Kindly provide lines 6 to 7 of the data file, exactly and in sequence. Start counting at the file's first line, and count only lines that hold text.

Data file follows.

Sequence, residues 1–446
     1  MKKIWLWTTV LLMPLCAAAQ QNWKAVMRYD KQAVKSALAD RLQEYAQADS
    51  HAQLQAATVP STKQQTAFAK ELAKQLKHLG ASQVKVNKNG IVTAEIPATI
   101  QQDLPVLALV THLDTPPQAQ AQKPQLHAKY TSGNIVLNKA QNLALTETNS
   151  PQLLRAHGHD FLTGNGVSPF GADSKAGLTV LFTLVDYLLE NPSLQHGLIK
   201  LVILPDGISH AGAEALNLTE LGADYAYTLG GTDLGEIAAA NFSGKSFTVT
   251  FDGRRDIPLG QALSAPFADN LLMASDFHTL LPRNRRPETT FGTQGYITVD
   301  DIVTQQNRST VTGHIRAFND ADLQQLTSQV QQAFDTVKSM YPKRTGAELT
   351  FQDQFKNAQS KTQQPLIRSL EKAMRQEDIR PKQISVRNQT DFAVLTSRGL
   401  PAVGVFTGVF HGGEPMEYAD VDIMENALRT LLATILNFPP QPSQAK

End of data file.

   201  LVILPDGISH AGAEALNLTE LGADYAYTLG GTDLGEIAAA NFSGKSFTVT
   251  FDGRRDIPLG QALSAPFADN LLMASDFHTL LPRNRRPETT FGTQGYITVD